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Allocating Oracle Objects into Multiple RAM data Buffers

Since very few Oracle databases can afford the cost of full RAM caching, many rules have been developed for the segregation and isolation of cached objects.  Some of these rules of thumb will yield clues about the best way to utilize Solid State Disk (SSD) in a solid-state Oracle environment:

§       Segregate large-table full-table scans: Tables that experience large-table full-table scans will benefit from the largest supported block size and should be placed in a tablespace with the largest block size.

§       Use the RECYCLE Pool: If the db_cache_size  is not set to the largest supported block size for the server, the db_recycle_cache_size  parameter should not be used. Instead, use a db_32k_cache_size , or whatever the maximum size for the system is, and assign all tables that experience frequent large-table full-table scans to the largest buffer cache in the database.

§       Segregate Indexes: In many cases, Oracle SQL statements will retrieve index information via an index range scan , scanning the b-tree or bitmap index for ranges of values that match the SQL search criteria. Hence, it is beneficial to have as much of an index residing in RAM as possible. One of the first things the Oracle9i DBA should do is to migrate all of their Oracle indexes into a large blocksize tablespace. Indexes will always favor the largest supported blocksize.

§       Segregate random access reads: For those databases that fetch small rows randomly from the disk, the Oracle DBA can segregate these types of tables into 2K Tablespaces. While disk is becoming cheaper every day, no one wants to waste any available RAM by reading in more information to RAM than is actually going be used by the query. Hence, many Oracle DBAs will use small block sizes in cases of tiny, random access record retrieval.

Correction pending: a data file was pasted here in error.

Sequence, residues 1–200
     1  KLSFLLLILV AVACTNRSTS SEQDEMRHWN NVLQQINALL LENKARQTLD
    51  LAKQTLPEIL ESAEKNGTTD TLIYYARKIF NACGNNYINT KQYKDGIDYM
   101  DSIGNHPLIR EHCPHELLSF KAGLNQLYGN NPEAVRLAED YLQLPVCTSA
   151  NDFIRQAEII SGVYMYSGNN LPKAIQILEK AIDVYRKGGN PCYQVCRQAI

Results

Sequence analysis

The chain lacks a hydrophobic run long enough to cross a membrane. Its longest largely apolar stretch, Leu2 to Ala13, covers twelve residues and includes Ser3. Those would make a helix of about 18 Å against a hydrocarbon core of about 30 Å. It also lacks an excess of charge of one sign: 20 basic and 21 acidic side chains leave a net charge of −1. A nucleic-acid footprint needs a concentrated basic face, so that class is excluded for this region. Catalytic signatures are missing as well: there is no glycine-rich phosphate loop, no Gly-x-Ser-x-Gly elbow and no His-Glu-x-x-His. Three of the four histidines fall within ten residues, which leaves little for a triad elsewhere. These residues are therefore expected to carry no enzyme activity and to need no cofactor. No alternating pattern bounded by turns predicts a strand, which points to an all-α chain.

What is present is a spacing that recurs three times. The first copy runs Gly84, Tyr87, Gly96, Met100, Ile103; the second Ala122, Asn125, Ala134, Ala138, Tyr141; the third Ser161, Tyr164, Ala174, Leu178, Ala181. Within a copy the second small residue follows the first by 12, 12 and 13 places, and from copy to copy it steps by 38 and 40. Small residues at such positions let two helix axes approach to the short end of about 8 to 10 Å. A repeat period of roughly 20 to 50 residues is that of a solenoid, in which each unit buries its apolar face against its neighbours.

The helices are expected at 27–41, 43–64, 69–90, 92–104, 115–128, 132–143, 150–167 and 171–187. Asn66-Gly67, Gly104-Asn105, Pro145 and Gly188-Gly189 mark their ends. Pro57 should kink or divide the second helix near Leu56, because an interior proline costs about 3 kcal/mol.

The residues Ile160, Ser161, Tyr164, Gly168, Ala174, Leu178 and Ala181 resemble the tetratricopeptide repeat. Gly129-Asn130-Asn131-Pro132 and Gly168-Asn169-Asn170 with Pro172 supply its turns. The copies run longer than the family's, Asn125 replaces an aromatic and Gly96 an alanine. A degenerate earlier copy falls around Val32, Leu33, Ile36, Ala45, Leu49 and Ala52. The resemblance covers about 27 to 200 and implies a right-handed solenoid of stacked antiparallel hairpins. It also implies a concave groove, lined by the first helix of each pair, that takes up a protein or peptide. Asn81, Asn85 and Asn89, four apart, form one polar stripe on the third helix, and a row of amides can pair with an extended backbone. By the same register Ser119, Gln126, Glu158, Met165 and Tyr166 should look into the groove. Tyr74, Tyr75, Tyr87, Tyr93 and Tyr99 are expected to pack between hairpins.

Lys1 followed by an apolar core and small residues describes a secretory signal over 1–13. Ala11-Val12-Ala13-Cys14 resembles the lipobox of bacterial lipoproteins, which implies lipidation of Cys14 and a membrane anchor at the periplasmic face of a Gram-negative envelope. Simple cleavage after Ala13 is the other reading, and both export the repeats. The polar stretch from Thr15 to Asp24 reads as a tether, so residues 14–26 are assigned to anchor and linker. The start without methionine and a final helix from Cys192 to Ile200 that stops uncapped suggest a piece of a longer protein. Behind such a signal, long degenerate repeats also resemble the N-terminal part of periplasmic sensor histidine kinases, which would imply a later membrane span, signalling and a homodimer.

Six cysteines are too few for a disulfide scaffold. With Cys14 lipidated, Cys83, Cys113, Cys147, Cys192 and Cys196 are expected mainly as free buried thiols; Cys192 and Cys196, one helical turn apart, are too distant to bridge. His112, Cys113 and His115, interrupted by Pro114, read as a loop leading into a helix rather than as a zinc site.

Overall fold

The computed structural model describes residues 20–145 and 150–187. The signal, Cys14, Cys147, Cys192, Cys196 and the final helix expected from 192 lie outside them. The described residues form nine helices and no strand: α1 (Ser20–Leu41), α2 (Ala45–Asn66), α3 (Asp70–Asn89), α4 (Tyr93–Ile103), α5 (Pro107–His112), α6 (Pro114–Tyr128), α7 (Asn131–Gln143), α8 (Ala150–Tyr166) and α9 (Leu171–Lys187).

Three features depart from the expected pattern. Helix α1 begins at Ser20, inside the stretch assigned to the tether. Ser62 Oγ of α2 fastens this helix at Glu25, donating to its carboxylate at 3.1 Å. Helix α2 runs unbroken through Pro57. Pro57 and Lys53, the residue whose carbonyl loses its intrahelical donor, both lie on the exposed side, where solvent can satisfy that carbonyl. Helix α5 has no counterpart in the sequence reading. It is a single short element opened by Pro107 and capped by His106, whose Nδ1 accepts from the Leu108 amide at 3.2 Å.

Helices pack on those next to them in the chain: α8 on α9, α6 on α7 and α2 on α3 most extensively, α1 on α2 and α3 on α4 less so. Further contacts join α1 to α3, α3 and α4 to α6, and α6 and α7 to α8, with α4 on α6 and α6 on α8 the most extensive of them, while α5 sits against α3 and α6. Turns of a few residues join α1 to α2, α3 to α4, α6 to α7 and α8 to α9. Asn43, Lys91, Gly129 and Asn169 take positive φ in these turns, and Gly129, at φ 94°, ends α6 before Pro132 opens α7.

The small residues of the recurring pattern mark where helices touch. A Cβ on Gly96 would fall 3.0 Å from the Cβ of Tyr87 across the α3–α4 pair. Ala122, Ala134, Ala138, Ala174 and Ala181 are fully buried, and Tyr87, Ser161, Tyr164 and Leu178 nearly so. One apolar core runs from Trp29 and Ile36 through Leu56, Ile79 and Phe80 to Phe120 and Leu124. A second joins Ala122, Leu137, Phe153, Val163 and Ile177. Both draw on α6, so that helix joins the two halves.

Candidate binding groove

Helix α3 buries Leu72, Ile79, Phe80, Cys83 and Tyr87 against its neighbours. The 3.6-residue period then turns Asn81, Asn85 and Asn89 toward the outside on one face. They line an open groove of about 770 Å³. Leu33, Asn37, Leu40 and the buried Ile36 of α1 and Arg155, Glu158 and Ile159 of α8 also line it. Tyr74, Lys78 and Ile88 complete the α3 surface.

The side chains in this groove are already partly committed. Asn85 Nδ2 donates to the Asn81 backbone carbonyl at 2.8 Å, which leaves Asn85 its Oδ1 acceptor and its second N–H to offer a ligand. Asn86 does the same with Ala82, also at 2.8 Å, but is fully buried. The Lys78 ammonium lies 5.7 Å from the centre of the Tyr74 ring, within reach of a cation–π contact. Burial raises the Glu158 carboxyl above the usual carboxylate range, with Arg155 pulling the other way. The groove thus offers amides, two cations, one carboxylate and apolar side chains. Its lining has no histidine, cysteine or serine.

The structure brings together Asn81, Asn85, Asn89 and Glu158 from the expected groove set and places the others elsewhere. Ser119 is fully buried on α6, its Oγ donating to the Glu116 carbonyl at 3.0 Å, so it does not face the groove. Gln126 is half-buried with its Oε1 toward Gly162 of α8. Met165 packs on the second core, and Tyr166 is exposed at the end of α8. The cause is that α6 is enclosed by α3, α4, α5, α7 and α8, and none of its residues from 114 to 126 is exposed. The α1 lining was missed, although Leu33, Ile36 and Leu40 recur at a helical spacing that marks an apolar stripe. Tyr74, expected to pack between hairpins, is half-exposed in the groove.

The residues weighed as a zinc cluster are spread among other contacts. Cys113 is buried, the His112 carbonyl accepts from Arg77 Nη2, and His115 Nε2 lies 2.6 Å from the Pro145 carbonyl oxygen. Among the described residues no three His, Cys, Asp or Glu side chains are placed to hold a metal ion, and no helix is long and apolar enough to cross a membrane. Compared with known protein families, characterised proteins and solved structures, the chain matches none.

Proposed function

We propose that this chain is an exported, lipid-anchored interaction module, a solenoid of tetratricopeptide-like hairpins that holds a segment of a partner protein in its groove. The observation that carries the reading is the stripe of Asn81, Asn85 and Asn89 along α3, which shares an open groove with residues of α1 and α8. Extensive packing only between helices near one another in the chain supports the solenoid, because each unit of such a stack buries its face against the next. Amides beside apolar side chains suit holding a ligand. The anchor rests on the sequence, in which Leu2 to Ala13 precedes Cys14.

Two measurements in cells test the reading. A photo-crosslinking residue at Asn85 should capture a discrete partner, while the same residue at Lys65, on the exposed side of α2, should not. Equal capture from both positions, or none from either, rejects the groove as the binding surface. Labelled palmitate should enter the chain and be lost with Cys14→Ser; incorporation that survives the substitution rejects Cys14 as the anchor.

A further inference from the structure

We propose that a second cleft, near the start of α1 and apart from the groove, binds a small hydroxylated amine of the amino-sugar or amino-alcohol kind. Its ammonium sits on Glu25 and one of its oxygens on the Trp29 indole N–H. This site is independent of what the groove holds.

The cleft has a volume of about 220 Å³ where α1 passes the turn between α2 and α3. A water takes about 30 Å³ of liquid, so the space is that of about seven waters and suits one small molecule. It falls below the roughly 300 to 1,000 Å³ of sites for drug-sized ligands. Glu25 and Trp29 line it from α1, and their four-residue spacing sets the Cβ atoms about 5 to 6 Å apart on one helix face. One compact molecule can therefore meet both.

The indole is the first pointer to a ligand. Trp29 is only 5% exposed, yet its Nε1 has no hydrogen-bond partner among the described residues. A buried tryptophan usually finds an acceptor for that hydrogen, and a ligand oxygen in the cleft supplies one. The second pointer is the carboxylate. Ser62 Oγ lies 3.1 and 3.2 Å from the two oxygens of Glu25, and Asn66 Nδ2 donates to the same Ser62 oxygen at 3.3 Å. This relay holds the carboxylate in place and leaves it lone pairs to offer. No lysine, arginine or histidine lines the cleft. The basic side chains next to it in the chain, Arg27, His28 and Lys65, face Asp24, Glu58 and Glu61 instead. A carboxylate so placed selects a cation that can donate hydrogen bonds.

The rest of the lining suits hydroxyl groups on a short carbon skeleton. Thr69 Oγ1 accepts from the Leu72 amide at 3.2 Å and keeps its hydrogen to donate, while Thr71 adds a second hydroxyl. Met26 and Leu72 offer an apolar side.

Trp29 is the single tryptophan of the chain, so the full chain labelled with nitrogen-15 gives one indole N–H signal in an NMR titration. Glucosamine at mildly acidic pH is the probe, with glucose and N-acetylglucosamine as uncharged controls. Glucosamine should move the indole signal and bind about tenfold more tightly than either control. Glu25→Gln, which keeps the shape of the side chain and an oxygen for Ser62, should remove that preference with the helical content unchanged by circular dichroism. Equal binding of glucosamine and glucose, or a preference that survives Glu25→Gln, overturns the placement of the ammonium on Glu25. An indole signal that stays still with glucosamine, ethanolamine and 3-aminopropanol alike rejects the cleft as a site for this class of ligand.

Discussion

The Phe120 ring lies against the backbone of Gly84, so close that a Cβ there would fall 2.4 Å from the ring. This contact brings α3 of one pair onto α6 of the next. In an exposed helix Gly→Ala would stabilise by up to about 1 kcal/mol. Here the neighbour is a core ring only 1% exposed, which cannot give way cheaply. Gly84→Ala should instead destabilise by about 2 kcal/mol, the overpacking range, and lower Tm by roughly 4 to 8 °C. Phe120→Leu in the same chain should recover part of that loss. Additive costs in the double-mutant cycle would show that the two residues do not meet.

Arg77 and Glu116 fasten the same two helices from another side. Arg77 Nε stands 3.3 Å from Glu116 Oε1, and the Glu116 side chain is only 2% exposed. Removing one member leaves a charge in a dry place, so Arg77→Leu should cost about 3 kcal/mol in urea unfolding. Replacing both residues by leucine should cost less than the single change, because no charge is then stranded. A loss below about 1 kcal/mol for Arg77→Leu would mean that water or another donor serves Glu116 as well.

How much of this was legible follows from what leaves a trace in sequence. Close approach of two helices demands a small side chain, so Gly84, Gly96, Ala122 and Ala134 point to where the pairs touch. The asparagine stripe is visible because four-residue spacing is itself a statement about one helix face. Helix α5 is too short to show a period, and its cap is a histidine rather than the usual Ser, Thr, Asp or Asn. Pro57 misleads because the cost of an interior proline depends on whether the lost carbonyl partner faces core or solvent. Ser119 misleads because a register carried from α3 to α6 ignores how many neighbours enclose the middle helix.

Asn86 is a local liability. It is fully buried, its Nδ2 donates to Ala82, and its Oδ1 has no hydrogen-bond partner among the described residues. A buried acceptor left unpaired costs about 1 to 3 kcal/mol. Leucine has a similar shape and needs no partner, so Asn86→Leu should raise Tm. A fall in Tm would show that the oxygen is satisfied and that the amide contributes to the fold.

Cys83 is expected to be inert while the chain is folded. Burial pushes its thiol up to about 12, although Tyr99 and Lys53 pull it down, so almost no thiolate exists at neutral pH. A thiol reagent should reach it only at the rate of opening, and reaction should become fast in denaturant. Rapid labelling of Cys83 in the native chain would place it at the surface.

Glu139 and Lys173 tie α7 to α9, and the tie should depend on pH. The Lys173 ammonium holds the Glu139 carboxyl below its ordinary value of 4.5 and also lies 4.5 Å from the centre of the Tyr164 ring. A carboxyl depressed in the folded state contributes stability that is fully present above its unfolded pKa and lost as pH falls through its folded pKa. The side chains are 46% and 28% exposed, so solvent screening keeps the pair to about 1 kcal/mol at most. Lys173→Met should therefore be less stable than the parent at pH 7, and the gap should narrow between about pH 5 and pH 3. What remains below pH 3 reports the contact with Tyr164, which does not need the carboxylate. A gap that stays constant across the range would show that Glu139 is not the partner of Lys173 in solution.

§       Segregate Locator Object (LOB) column tables: For those Oracle tables that contain raw, long raw, or in-line LOBs, moving the table rows to large block size will have an extremely beneficial effect on disk I/O. Experienced DBAs will check dba_tables .avg_row_len  to make sure that the blocksize is larger than the average size. Row chaining will be reduced while at the same time the entire LOB can be read within a single disk I/O, thereby avoiding the additional overhead of having Oracle to go out to read multiple blocks.

§       Segregate large-table full-table scan rows: When the RECYCLE pool was first introduced in Oracle8i, the idea was that the full table scan data blocks, which are not likely to be reread by other transactions, could be quickly flushed through the Oracle SGA thereby reserving critical RAM for those data blocks which are likely to be reread by another transaction. In Oracle9i, the RECYCLE pool can be configured to use a smaller block size.

§       Check the average row length: The block size for a tables' tablespace should always be greater than the average row length for the table (dba_tables .avg_row_len ). If the block size is smaller than the average row length, rows chaining occurs and excessive disk I/O is incurred.

§       Use large blocks for data sorting: The TEMP tablespace will benefit from the largest supported blocksize. This allows disk sorting to happen in large blocks with a minimum of disk I/O.

Recent TPC-C benchmarks make it clear that very large RAM regions are a central component in high performance Oracle databases.  The 2004 UNISYS Oracle Windows benchmark exceeded 300,000 transactions per minute using a Windows-based 16-CPU server with 115 gigabytes of Oracle data buffer cache.  The following are the actual Oracle parameters that were used in the benchmark, and the benefit of large scale RAM caching becomes more evident:

 

db_16k_cache_size   = 15010M

db_8k_cache_size   = 1024M

db_cache_size      = 8096M

db_keep_cache_size = 78000M

 

At this point, it should be clear that RAM resources are an important factor in maintaining the performance of I/O intensive Oracle systems.


 

SEE CODE DEPOT FOR FULL SCRIPTS


This is an excerpt from my latest book "Oracle Tuning: The Definitive Reference". 

You can buy it direct from the publisher for 50%-off and get instant access to the code depot of Oracle tuning scripts:

http://www.rampant-books.com/book_1002_oracle_tuning_definitive_reference_2nd_ed.htm

 

 

 
 
 

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